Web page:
It was a whole different story once La Kaffa's people arrived in Malaysia.
"So they came, only to tell us that the management has discussed and made the decision to terminate us as a master franchisee. That caught us by surprise. What's going on? Suddenly, it's the end of the world," he said.
4. The next day, 6 January, La Kaffa sprang another surprise on Loob Holding. That morning, the Taiwanese company held a press conference announcing that they will be terminating Loob's master franchisee contract.
"Before they left, they still told us to not worry about the termination, as 'everything can be discussed'. Then, the next day, at 9.00am, bam! Press conference," Loo said.
"How could you leave us with the mindset that 'everything can be discussed', only to turn the tables against us the next day? Malaysia being the largest market, contributing 50% of total revenue to them, we see no reason why you want to terminate us. But they left us with that mindset while they were buying time to prepare," he added.
5. As Loob Holding scrambled to come to terms with the termination, La Kaffa acted quickly to execute their plan to take over operations of Chatime outlets in Malaysia
"So, they terminated us on Thursday, and held a press conference on Friday. On Saturday, they contacted all our franchisees with the intention to entice them with better packages. On Sunday, they contacted our key management, all our people, to entice them to join their team. They even contacted our suppliers and malls," Loo divulged.
6. Ultimately, Loob Holding decided that there is no way they will continue a business relationship with La Kaffa as there is no longer trust and respect between both parties
"If these people can do all those things to us now, they will do it again. We feel that there's no longer trust, respect, and integrity in the relationship. So, the last option is to move on," Loo said.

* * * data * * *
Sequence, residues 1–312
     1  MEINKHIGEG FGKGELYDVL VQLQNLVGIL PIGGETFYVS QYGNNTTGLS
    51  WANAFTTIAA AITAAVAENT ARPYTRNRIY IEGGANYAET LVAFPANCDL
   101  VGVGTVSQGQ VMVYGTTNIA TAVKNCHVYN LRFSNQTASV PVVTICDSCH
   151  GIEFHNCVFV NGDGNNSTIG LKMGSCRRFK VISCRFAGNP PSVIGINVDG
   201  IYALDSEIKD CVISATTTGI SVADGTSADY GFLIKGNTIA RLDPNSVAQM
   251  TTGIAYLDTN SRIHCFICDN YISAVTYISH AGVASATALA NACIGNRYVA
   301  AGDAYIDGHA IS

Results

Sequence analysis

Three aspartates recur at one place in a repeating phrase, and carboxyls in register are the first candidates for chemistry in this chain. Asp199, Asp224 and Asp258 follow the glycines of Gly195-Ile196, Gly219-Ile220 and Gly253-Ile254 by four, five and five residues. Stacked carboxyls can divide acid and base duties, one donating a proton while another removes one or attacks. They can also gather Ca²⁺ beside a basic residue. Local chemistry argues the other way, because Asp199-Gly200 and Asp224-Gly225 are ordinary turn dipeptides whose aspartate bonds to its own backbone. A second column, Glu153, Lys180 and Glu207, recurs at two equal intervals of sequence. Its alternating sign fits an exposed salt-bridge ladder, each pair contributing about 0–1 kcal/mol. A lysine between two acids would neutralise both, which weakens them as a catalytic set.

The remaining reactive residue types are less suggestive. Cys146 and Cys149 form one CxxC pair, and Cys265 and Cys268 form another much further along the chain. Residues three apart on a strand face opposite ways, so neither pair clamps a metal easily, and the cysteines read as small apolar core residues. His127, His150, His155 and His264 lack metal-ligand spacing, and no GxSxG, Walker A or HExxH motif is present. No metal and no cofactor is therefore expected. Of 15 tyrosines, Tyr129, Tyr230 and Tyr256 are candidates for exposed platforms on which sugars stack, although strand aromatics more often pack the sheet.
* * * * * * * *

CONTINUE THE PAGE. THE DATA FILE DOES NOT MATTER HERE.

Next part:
7. As for La Kaffa's allegations against Loob Holding, Loo explained that the "unapproved ingredients" were actually additions to the menu through partnerships with brands like Horlicks and Cadbury
"When they say we're using unapproved ingredients, it's actually from the collaborations we did to localise and help us remain relevant over the years," Loo explained.
8. What about La Kaffa's claims that Loob owed them over a year's worth of royalty fees? Loo said that he is unable to reveal much due to legal restrictions, but clarified that La Kaffa's allegations were grossly exaggerated.
According to Loo, Loob Holding only held back their payment of royalty fees for the past quarter, under the advise of their lawyers. Beyond that, he explained that he cannot disclose any more details as they are part of arbitration proceedings, which are P&C until the end of arbitration.
Despite all that has happened, Loo said that the experience has taught him "more love than hate", adding that it's his people and the consumers that motivate him when the going gets tough
"I owe a lot to my people, who have done a great job in the last six years. As a leader, you can dream big, but it doesn't matter how big your dreams are if you don't have people you can depend on to make them happen. So I'm very grateful that we have a balance of people with crazy, wild ideas, and people who are very good at executing them," he said.
He also said that he is grateful for the overwhelming support and assurance from consumers, as it's this positive sentiment that gave him and his team courage to move forward.
"We were very touched, and we felt that this is a real milestone for us. It's not about how many cups we serve a month, it's about how many lives we've touched with what we do, the emotional engagement we've created with the brand."
And move on they did. Tealive was officially launched last week, so we talked to Bryan Loo to find out what Malaysians can expect from the newest player in tea culture: